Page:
Includes an excellent profile of recent UW Astronomy Ph.D. Sarah Loebman as an exemplar of the sort of scientist we seek to create:
“She specializes in comparing the evolution of galaxies simulated on supercomputers with actual observations of the Milky Way from the Sloan Digital Sky Survey (SDSS) to learn about processes by which our own galaxy might have formed. For example, she is currently comparing the distribution of iron and oxygen in stars at the outer edges, or stellar halo, of simulated galaxies with the observed iron content of stars in the Milky Way …
“Loebman worked with data management experts from the UW computer science department. She became skilled in data science as she finished her Ph.D. in astronomy at the UW. It’s that multi-disciplinary expertise, she says, that helped her land a post-doctoral position at the University of Michigan.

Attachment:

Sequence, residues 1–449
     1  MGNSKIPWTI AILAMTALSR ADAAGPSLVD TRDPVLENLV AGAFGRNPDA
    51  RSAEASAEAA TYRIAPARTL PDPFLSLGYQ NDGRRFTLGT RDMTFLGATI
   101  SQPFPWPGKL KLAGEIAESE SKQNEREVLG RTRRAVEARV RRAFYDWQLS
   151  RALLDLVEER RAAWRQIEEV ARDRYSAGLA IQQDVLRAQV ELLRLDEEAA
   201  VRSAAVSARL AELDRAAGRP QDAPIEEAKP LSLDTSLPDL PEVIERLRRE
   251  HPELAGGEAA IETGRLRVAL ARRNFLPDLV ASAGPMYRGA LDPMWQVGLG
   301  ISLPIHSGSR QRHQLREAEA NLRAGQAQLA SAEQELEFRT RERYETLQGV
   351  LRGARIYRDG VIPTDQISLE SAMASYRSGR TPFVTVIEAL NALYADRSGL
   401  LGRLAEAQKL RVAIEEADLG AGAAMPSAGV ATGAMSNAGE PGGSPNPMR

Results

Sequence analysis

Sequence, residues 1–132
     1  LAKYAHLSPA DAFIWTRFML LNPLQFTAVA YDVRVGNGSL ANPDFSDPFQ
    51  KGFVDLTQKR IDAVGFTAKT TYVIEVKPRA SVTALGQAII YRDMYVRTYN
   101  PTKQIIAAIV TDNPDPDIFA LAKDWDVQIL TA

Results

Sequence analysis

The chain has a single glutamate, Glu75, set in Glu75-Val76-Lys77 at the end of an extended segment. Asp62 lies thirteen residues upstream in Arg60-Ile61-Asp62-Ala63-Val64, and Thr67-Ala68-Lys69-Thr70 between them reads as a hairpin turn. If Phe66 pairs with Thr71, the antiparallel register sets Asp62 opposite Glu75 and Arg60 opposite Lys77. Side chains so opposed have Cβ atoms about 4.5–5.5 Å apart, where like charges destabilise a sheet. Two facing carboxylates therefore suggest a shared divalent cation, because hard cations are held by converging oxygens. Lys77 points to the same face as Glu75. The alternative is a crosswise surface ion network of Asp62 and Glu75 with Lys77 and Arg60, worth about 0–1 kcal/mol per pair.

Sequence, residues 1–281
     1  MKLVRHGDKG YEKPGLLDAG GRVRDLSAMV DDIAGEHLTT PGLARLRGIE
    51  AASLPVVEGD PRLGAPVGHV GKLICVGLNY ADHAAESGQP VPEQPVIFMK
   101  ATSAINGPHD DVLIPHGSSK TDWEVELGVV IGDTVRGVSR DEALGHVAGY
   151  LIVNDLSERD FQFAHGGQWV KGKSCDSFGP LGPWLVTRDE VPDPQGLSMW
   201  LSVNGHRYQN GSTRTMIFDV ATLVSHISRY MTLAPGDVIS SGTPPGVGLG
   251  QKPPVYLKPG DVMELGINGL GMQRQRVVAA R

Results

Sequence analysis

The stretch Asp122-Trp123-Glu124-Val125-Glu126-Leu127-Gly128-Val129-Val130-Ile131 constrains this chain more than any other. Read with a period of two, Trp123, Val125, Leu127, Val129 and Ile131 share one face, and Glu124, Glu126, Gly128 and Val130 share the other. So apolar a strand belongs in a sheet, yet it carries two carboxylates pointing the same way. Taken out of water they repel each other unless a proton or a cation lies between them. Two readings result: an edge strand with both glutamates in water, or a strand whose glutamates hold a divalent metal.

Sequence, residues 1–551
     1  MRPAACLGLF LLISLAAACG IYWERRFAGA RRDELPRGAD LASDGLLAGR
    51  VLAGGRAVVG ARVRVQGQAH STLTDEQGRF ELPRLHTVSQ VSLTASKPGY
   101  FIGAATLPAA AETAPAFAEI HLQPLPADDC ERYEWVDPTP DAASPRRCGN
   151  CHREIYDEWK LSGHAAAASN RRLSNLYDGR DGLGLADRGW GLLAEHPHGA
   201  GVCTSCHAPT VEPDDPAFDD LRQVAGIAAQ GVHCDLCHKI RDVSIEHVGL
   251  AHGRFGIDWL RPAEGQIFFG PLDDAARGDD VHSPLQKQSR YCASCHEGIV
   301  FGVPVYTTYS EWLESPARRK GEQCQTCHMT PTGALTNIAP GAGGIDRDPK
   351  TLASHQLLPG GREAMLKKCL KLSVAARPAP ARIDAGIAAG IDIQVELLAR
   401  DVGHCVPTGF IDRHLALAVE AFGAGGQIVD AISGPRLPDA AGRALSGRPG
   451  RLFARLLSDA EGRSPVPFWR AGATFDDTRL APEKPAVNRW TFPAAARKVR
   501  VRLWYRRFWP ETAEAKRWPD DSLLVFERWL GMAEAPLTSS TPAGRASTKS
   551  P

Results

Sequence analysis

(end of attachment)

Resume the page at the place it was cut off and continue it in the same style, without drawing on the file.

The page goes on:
“Loebman exemplifies the new scientist that the Moore/Sloan grant aims to help universities train in a more deliberate way. She spent the summer working with senior leaders in a range of scientific fields at the participating universities to help structure the program. They discussed common data-management approaches across disciplines, which tools can and can’t be shared among biologists and astronomers, for example.”